I am not a lawyer and am not qualified to provide any legal advice. I cannot promise that use of this tool will make your site compliant with cookie laws in various countries or regions. You may find it useful in meeting your compliance goals, but it is up to you to decide for yourself whether your site is in actual compliance with any laws. Furthermore, I am not the author of the tool, it is a very popular tool by the folks at Silktide Ltd. I found it on their website and I wrote an MVC TagHelper to make it convenient to use in ASP.NET Core MVC projects. To really understand this tool, you should visit their website and documentation.
Using the Cookie Consent TagHelper
Assuming you have already installed the NuGet package for cloudscribe.Web.Common, you also need to make sure you have declared the taghelper in your _ViewImports.cshtml like this:
@addTagHelper *, cloudscribe.Web.Common
Then in your _Layout.cshtml file you would include it in the head element. To use it with the default compliance level of "info", you just add it like this:
<cookie-consent enabled="true" compliance-type="info"></cookie-consent>
That will give you a popup like this at the bottom of the page:
There are 2 other settings available for compliance-type, "opt-in", configured like this:
<cookie-consent enabled="true" compliance-type="opt-in"></cookie-consent>
changes the popup like this:
and "opt-out" configured like this:
<cookie-consent enabled="true" compliance-type="opt-out"></cookie-consent>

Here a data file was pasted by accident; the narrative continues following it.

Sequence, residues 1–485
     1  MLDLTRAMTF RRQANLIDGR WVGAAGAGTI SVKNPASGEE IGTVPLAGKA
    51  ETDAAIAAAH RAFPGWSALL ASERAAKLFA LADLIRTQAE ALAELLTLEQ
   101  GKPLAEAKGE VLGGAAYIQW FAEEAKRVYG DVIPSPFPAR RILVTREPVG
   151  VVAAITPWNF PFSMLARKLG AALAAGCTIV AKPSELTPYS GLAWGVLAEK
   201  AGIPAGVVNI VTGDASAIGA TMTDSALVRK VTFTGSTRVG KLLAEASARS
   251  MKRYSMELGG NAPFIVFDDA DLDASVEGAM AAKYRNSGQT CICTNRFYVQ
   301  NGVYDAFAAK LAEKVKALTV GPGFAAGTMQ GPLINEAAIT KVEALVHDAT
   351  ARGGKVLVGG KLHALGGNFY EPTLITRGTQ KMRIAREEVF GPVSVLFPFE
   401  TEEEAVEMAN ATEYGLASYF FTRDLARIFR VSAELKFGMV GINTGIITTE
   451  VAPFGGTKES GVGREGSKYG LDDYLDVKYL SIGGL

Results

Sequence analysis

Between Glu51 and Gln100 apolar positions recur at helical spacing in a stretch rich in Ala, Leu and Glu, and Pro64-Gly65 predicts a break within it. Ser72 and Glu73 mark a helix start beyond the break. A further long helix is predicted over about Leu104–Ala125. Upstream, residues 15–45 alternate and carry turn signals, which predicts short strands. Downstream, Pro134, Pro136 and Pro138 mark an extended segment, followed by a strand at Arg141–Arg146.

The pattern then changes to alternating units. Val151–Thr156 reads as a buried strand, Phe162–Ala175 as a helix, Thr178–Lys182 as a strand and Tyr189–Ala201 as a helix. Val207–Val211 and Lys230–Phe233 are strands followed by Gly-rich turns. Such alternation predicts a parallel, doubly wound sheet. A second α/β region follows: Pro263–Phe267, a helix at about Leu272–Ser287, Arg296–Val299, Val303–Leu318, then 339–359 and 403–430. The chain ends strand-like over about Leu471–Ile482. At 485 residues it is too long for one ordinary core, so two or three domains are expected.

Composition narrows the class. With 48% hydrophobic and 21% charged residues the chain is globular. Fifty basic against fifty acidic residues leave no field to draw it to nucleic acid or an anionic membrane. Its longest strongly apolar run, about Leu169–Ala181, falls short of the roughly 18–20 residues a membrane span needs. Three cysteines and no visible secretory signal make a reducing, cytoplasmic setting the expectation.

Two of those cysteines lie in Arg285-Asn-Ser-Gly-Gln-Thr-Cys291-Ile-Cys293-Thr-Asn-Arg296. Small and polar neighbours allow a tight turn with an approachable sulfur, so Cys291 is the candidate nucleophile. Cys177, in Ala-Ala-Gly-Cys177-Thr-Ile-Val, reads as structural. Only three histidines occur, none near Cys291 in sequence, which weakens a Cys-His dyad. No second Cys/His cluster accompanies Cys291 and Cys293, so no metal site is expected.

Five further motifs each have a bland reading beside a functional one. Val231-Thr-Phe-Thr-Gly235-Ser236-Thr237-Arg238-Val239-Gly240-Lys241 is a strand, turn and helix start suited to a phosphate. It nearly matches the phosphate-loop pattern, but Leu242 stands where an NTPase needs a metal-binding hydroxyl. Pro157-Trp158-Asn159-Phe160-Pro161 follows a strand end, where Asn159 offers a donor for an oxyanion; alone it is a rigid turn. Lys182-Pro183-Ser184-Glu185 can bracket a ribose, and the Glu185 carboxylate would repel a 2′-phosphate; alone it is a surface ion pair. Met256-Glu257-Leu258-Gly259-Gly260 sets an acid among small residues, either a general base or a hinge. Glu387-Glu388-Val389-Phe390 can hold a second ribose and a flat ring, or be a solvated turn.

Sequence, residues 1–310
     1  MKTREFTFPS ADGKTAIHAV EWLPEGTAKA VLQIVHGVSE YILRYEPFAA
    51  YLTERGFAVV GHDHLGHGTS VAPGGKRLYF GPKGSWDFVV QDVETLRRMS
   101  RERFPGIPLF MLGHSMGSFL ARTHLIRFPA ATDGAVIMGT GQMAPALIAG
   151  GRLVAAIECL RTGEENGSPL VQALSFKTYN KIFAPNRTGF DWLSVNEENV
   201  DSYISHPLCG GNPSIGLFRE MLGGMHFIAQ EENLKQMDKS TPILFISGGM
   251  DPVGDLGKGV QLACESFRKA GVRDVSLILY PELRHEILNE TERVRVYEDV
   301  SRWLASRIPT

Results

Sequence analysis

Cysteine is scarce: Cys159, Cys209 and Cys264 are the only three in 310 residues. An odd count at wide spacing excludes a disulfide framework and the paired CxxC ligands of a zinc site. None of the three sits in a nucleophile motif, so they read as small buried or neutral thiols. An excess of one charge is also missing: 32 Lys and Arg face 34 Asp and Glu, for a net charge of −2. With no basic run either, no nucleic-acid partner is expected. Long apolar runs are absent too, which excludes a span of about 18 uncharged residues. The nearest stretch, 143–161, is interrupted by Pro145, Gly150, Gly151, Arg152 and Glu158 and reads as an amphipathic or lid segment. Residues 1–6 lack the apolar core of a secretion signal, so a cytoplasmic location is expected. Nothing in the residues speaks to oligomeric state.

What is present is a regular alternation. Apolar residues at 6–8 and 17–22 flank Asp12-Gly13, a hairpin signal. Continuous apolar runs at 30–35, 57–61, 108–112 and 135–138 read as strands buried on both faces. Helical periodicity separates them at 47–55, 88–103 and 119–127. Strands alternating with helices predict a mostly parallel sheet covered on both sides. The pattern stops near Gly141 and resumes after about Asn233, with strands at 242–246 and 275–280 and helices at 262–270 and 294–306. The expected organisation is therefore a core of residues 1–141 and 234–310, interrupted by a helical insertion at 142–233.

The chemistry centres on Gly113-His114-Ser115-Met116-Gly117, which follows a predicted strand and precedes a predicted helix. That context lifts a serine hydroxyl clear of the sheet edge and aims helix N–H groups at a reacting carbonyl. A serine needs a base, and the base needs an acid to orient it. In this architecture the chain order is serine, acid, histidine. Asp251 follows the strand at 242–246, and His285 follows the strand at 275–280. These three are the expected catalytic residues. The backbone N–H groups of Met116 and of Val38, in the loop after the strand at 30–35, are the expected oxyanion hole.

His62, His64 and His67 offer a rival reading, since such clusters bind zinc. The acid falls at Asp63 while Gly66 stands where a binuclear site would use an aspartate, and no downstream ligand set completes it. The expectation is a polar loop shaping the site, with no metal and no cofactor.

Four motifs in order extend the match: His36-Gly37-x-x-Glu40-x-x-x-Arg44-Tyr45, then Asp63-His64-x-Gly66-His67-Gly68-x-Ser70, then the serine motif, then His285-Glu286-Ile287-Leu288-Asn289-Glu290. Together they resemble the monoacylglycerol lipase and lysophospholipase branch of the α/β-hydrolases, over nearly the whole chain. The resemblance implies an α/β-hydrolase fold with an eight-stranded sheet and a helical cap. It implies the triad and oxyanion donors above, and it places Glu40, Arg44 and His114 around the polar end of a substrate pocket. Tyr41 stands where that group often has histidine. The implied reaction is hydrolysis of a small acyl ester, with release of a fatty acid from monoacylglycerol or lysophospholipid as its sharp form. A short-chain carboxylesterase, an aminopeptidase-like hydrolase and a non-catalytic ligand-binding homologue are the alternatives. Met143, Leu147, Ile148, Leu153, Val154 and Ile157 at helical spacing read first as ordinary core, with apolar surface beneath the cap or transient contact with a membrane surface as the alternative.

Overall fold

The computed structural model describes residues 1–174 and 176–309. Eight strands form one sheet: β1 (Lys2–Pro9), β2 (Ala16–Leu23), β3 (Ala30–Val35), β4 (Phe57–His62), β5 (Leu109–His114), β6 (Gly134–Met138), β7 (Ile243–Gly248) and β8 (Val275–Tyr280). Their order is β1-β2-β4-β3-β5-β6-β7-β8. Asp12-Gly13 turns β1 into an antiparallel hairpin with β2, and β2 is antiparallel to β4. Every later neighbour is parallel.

changes the popup like this:
Clicking "Got It" dismisses the popup and sets a consent cookie with the value "dismiss". For "info" level compliance that is the only thing the user can click so that is the only possible cookie value. If using "opt-in", the user can click the "Allow" button and the value of the consent cookie will be "allow", and if using "opt-out", the user can click "Decline" and the cookie value will be "deny".
Configuring the google-analytics taghelper to work in tandem with the cookie-consent taghelper
Our google-analytics taghelper has built in awareness of the cookie-consent cookie so it can be set to work differently based on that cookie. But note that google-analytics taghelper will by default treat the absence of any cookie consent cookie as implicit consent, so on the first page request when the user has not yet had a chance to interact with the consent popup, it would track using cookies. To make it only track if there is explicit consent, ie the user has accepted or dismissed the popup and a consent cookie exists, you can set require-explicit-cookie-consent="true".
<google-analytics profile-id="##-########" require-explicit-cookie-consent="false" cookie-consent-accept-dismiss="true" consent-cookie-name="cookieconsent_status"></google-analytics>
The differences in how google analytics gets wired up by the taghelper when allowing tracking cookies vs when not allowing tracking cookies is based on this article. When cookies are used we can include the userid of the user in our tracking if the user is signed in and we know the userid. This userid would come from your own database or if using cloudscribe Core it would be the database id of the user. So if cookies are enabled it gets wired up like this:
ga('set','userId','someid'); //included only if user is authenticated ga('require', 'displayfeatures'); ga('set', 'anonymizeIp', undefined);
and if cookies are not enabled then it gets wired up like this:
ga('set', 'displayFeaturesTask', null); ga('set', 'anonymizeIp', true);
Note that if you are using advertising on your site, there may be other things you need to do to meet your compliance goals, use of google analytics is just one aspect of it and is the only one dealt with by our taghelpers. You should take a holistic look at how you are using cookies in your site and make your own determination perhaps with your own legal counsel to determine whether your site actually meets your compliance goals.